L2-VYSA Corpus

Anne Vainikka
Linguistics and Cognitive Sciences
University of Delaware


Martha Young-Scholten
School of English Literature, Language and Linguistics
Newcastle University


Participants: 3
Type of Study: naturalistic / longitudinal
Location: Germany
Media type: audio
DOI: doi:10.21415/T5FK67
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Citation information

Vainikka, A. and M. Young-Scholten. 2013. Universal minimal structure: Evidence and theoretical ramifications. Linguistic Approaches to Bilingualism 3:2. 180-212.

Vainikka, A. and M. Young-Scholten. 2013. Stages in second language acquisition. In J. Herschensohn and M. Young-Scholten (eds.) The Handbook of Second Language Acquisition. Cambridge: Cambridge University Press. Pp. 851-604.

Vainikka, A. and M. Young-Scholten. 2012. The straight and narrow path. Response to Dabrowska. Linguistic Approaches to Bilingualism.

Vainikka, A. and M. Young-Scholten. 2010. All acquisition begins with the projection of a bare VP Reply to: The interface between bilingual development and Specific Language Impairment, Johanne Paradis. Applied Psycholinguistics 13: 332-339.

Vainikka, A. and M. Young-Scholten. 2009. Successful features: Verb raising and adverbs in L2 acquisition under an Organic Grammar approach. In N. Snape, I. Y-K. Leung and M. Sharwood Smith (eds.) Representational Deficits in SLA. Studies in Honour of Roger Hawkins. Amsterdam: Benjamins. Pp. 53-68.

Vainikka, A. and M. Young-Scholten. 2007. Minimalism vs. Organic Syntax. In S. Karimi, V. Samiian and W. Wilkins (eds.) Clausal and Phrasal Architecture: Syntactic Derivation and Interpretation. Papers in Honour of Joseph Emonds. Amsterdam: Benjamins. Pp. 319-338.

Vainikka, A. and M. Young-Scholten. 2007. The role of literacy in the development of L2 morphosyntax from an Organic Grammar perspective. In N. Faux (ed.) Low Educated Adult Second Language and Literacy Acquisition. Richmond: Literacy Institute, Virginia Commonwealth University. Pp. 123-148.

Vainikka, A. and M. Young-Scholten. 2005. The roots of syntax and how they grow: Organic Grammar, the Basic Variety and Processibility Theory. In S. Unsworth, T. Parodi, A. Sorace and M. Young- Scholten. Paths of Development. Amsterdam: Benjamins. Pp. 77-106.

Vainikka, A. and M. Young-Scholten. 2003. Review of Roger Hawkins (2001): Second Language Syntax: A Generative Introduction. Lingua 113: 93-102.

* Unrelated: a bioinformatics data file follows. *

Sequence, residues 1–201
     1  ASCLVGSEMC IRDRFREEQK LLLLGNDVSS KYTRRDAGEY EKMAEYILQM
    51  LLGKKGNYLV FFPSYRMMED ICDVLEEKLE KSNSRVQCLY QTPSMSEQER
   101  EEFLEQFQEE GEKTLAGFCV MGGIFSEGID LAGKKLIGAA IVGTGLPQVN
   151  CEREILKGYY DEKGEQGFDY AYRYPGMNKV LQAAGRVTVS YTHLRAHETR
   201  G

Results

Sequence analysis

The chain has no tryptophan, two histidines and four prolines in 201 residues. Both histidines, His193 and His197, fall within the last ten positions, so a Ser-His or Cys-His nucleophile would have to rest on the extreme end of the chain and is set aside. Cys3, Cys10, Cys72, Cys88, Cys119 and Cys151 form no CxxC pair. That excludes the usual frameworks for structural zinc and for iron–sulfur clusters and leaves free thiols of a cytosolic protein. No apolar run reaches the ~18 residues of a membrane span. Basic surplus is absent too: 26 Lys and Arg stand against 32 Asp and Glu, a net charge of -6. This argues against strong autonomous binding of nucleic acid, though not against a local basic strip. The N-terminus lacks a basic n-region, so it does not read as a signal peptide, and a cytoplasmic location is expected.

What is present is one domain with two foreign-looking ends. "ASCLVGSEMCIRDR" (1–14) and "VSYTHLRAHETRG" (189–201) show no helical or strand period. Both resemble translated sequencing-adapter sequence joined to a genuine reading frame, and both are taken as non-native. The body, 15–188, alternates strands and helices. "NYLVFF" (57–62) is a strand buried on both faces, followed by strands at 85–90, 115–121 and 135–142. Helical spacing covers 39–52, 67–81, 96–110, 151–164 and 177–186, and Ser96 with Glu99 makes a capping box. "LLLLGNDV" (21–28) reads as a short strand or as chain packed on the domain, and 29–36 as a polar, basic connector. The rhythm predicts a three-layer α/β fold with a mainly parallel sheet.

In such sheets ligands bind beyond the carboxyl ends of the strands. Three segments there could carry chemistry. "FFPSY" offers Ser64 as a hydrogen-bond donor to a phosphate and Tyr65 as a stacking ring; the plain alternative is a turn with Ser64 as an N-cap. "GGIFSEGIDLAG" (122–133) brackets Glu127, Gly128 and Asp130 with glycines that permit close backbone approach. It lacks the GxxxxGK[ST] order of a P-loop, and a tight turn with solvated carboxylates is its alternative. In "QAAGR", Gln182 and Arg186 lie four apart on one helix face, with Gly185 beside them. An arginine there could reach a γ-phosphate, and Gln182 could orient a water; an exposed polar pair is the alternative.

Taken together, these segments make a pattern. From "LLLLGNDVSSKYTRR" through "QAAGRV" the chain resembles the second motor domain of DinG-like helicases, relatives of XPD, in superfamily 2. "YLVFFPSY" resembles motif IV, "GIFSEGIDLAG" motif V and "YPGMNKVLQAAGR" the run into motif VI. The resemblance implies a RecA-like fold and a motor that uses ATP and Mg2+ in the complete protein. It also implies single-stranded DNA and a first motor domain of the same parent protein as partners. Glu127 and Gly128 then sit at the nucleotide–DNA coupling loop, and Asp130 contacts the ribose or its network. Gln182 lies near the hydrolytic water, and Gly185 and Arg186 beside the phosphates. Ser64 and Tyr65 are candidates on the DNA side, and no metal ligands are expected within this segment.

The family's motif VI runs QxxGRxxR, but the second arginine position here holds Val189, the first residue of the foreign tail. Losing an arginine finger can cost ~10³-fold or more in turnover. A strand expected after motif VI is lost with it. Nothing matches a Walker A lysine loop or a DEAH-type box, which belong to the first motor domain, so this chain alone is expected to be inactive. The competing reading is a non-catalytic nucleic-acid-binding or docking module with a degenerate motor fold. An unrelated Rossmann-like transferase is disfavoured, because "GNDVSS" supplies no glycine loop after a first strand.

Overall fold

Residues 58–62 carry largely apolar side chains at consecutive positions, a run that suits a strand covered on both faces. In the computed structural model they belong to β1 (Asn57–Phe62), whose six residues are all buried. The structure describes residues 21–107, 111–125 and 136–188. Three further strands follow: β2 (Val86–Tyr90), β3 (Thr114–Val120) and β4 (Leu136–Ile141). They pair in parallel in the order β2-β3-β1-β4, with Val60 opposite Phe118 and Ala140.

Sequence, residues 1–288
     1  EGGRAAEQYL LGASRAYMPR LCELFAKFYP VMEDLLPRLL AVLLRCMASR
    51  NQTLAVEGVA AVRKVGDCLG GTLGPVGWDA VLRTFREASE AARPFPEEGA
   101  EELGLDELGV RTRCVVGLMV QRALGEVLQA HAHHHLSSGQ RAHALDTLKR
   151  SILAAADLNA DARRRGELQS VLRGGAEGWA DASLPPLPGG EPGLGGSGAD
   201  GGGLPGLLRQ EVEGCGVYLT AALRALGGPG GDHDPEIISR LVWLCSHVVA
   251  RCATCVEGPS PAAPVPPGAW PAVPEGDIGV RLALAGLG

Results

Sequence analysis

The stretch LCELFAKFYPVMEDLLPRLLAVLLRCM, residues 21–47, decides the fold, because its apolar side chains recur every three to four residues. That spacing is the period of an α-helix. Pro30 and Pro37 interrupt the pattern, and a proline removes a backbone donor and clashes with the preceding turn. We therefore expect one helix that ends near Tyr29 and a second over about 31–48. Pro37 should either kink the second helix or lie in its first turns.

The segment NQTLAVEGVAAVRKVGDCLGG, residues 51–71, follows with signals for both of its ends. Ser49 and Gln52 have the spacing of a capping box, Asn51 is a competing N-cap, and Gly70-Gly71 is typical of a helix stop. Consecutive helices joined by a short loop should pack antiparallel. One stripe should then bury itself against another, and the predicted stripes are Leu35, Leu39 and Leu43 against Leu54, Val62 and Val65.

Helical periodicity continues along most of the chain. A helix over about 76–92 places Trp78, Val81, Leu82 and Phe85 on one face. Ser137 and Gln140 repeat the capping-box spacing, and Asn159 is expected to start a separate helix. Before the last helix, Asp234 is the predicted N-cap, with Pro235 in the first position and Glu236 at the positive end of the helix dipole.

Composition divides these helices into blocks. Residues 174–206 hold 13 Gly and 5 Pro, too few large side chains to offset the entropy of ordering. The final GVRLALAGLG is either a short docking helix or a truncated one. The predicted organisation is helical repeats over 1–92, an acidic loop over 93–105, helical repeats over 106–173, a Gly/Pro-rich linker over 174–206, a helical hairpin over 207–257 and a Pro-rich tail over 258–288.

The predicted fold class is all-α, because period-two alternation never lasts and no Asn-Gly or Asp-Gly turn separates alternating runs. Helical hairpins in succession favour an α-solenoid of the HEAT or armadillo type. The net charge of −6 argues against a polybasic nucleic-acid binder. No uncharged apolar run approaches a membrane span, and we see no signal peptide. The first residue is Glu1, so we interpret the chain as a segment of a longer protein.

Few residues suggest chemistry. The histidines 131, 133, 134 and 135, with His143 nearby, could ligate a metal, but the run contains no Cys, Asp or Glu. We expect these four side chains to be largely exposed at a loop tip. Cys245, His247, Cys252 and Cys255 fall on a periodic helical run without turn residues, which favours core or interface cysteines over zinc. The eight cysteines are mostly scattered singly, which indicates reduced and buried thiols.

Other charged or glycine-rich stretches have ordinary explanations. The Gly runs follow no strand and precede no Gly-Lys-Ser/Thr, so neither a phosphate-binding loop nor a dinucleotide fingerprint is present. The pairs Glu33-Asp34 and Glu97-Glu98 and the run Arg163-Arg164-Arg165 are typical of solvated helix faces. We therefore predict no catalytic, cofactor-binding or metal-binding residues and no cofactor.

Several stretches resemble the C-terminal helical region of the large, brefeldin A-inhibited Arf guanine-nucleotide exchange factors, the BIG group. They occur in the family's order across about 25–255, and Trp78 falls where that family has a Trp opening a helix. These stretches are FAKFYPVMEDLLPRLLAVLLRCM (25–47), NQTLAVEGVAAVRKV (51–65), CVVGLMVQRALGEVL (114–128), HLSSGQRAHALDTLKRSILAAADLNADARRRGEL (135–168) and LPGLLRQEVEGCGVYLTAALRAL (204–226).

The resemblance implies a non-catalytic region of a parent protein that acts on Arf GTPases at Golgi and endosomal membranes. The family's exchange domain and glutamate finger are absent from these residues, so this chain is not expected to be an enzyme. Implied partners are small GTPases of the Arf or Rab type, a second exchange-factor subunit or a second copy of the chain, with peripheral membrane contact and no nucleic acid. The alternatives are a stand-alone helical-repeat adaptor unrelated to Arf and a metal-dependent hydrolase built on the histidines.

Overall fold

Vainikka, A. and M. Young-Scholten. 2002. Restructuring the CP in L2 German. In B. Skarabela, S. Fish and A. H.-J. Do (eds.) Proceedings of the XXVI Conference on Boston University Conference on Language Development. pp. 712-722.

Vainikka, A. and M. Young-Scholten.1998. Person agreement in L2 acquisition. McGill Working Papers Vol. 13: 1 & 2:197-208.

Vainikka, A. and M. Young-Scholten 1998. The initial state in the L2 acquisition of phrase structure. In S. Flynn, G. Martohardjono and W. O’Neil (eds.) The Generative Study of Second Language Acquisition. Hillsdale, New Jersey: Lawrence Erlbaum. pp.17-34.

Vainikka, A. and M. Young-Scholten. 1998. Tree growth and morphosyntactic triggers in adult SLA. In M. L. Beck (ed.) The L2 Acquisition of Morphology. Amsterdam: Benjamins. pp. 89-113. Young-Scholten, M. 2004. Longitudinal naturalistic data: Treasures out of Pandora’s Box. In G. Holzer (ed.) Voies vers le Plurilinguisme. Besançon: Presses Universitaires de Franche-Comté. Pp. 195-204.

In accordance with TalkBank rules, any use of data from this corpus must be accompanied by at least one of the above references.

Project Description

The acronym VYSA for this corpus stands for Vainikka and Young-Scholten's Americans. Recordings for this study were from participants spending a year abroad learning German while living with German-speaking host families and attending German secondary schools in standard German-speaking urban and peri-urban regions of Germany. None of the three had prior exposure to German, there were no special German classes for them at their secondary schools and there were no other exchange students at their schools. The study took place in the 1990s before the wide-spread use of digital devices and social media, which meant that participants spent their free time interacting in German rather than in English. Recordings were made in a quiet room at each participant’s host family’s home or in another quiet location. Utterances were spontaneous in nature through conversations between the researcher and the participant. In addition, participants also took a range of broad and narrow elicitation tasks to better examine their production of morphosyntax and phonology.

Participant NameAge at start of testingNumber of SessionsSex
Joan 166F
Paul 174M
George 154M